I understand that it's more difficult for children to be held accountable or feel convicted about bad (or even illegal) behavior if their parents aren't punishing them. But people know right from wrong, and they especially know legal from illegal. While we all come from different cultures, backgrounds and family circumstances, it would be foolish to excuse disrespectful and irresponsible behavior because someone's parents didn't teach him or her that acting illegally is wrong.

Of course I understand that a middle school student is less motivated in school when they have no one at home to encourage them. And I know that many kids end up on the streets, joining gangs to feel some kind of belonging. But we're grown up now, people. We're in college. Blaming one's parents for one's illegal drinking is just plain ridiculous. You know it's illegal. And if you haven't heard that underage drinking is against the law, I ask you, in the words of the wise and mighty Strong Bad, "What's your freakin' problem?"

Jenna Jensen
undeclared freshman

'Dictator' Bush stifles protest at televised events

Hats off to the good citizens of Atlanta who made their voices heard Thursday during President Bush's visit to the King Center.

Despite coordinated efforts to shield the president from criticism, protestors managed to get within earshot of the dictator himself.

While Bush has proclaimed his love of free speech when ridiculed in foreign parliament, he uses every opportunity to silence his critics.

The Secret Service now routinely forces those who do not support Bush into designated "protest zones" far removed from the president's location - and out the media's view.

His supporters, of course, are allowed to get close enough to shake his hand. Those who have tried to sidestep this policy have been arrested.

Even when they could not hide the dissenters at the King Center in a protest zone, they tried to block them from view with buses.

Fortunately, the crowds were not deterred and continued their loud chants of protest.

Thank you for not allowing the president free reign to pretend he has done anything for the causes MLK supported.

Michael Galhouse
business management junior

Republican Party ignores needs of American poor

My fellow students, over the past few years a revelation has come to me.

All my life I thought, as I was taught, that the Republican Party rightly served my God, as it strived to set right the wrongs of abortion policy.

But as I delve into the teachings of Christ it becomes ever more apparent that the Republicans have turned a blind eye to one of the most important lessons, Mark 12:31: "Love thy neighbor as thy self."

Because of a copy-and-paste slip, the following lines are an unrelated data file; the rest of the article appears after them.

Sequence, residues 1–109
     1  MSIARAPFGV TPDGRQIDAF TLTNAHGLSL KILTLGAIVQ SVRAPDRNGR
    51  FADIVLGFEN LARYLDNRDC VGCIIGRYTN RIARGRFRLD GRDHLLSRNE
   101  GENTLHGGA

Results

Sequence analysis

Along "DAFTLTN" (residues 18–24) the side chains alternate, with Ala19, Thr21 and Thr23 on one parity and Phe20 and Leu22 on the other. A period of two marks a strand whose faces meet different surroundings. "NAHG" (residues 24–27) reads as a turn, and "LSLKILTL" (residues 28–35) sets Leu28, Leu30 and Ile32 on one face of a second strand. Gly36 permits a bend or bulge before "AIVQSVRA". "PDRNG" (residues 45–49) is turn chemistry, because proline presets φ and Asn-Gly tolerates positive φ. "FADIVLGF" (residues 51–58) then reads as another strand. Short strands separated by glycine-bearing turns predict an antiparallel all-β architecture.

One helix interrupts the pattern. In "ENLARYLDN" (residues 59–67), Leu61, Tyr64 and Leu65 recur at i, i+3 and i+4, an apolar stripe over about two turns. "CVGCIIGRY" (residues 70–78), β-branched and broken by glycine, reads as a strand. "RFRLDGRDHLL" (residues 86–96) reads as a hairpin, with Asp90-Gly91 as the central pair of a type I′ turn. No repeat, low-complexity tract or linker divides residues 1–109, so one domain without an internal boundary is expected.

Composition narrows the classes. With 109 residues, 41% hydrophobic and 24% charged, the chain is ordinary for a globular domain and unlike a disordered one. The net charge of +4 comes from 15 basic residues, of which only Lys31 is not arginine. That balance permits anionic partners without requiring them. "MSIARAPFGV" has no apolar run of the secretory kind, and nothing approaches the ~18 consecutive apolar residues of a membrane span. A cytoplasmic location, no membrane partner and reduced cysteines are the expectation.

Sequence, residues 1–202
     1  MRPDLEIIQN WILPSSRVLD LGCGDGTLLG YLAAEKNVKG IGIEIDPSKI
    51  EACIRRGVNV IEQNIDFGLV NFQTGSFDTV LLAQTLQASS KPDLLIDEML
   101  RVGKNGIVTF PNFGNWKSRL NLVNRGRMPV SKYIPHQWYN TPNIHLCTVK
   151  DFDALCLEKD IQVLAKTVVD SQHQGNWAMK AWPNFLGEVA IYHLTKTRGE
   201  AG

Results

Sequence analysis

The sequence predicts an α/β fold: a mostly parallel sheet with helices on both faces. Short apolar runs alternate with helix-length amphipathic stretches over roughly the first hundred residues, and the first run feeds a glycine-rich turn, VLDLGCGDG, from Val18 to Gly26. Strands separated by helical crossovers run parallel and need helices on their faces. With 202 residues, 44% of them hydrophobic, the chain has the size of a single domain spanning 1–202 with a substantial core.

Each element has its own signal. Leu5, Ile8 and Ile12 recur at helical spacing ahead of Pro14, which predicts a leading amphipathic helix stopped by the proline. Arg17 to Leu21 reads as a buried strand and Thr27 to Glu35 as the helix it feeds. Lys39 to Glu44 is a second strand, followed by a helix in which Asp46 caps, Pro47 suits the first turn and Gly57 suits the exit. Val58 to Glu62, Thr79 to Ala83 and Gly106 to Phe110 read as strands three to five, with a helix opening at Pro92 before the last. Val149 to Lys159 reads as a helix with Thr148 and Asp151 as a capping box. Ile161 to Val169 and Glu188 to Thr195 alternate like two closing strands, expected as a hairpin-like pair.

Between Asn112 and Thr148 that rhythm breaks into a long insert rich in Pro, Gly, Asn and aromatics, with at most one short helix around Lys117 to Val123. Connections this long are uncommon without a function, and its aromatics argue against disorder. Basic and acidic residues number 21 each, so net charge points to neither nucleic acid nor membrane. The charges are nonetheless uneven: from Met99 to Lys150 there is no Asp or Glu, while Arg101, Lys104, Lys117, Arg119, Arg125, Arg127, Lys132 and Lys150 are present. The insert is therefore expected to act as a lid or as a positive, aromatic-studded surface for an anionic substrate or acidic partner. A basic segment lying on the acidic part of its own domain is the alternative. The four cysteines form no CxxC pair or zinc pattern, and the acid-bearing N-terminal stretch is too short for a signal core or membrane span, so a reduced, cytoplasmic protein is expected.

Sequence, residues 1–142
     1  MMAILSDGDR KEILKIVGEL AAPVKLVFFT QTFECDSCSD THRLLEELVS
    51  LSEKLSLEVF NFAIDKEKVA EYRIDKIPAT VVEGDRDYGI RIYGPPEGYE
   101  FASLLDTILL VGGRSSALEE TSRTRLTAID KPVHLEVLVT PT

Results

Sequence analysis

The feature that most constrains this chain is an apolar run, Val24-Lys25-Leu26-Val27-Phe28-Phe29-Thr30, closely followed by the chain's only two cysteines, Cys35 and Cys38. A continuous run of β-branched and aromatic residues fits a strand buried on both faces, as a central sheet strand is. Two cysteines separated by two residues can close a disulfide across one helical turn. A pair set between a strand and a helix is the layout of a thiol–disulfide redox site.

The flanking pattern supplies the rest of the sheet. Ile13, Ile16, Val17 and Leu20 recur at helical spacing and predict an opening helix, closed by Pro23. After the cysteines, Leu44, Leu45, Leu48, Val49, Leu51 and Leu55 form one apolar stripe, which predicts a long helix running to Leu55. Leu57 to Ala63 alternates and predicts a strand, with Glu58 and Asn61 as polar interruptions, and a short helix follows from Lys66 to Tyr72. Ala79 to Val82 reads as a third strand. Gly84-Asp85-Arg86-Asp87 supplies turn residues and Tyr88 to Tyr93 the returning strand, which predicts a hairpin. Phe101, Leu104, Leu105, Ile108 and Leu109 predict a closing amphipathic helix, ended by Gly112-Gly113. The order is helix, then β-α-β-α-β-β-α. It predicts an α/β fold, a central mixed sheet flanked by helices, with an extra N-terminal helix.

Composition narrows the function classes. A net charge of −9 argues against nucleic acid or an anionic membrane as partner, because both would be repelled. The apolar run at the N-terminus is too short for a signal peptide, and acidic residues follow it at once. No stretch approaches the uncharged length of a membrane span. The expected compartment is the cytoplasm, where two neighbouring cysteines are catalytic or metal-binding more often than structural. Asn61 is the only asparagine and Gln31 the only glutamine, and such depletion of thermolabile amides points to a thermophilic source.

This insight did not come to me as a grain of salt.

It worked instead rather like the trickle-down effect is supposed to work.

The evidence built up and built up until there was no denying it.

The party of my family, my church and, until recently, myself had abandoned those neighbors of ours who need the most help.

Whole families live in poverty, their only crime being born to poor parents and attending failing schools.

The Republican Party hides their heresy under terms like "the trickle-down effect" and "economic stimulus package."

The truth is, if we give tax cuts to all and most goes to the wealthy, then some of that money will go back into the economy.

However, if we give that money to the poor, all of the money will go directly back into the economy.

If all the money goes right into American businesses, then more jobs will be created.

The aptly named trickle-up effect would do much more to stimulate the economy, and would put our government back in line with the teaching of our Lord.

Matt Harrison
UA alumnus

Hussein's capture a good omen for war on terror

The capture of Saddam Hussein is a comfort to the Iraqi people.

All the world hopes it will bring a peaceful and independent Iraq closer.

It is also a triumph in the war on terror - not because Saddam had ties to international terrorism, but because he did not.

Now that Saddam is neutralized, he can no longer serve as a distraction from America's real and urgent anti-terrorism goal: destroying al-Qaeda's terrorist network.

A bogeyman in the bush is only an old man in the hand.

The disproportionate threat that the Bush Administration created of Saddam can be debunked now that he's been captured.

Saddam can no longer be used by the Bush Administration to mislead people as to Iraq's role in Sept. 11, 2001, and his evil can no longer distract us from Bush's deeply flawed strategy in Iraq.

Bush must now focus on genuine threats to American security.

The question that should have been on the lips of the American president every day since Sept. 11, 2001, must once again become the focus of the war on terror: Where is Osama bin Laden?

Michael Bryan
third-year law student

Write a Letter to the Editor
Apathy is hardly an excuse
Activity fee ridiculous, unfair
View Points
Restaurant and Bar guide
Search for:
advanced search Archives

Webmaster -
© Copyright 2003 - The Arizona Daily Wildcat - Arizona Student Media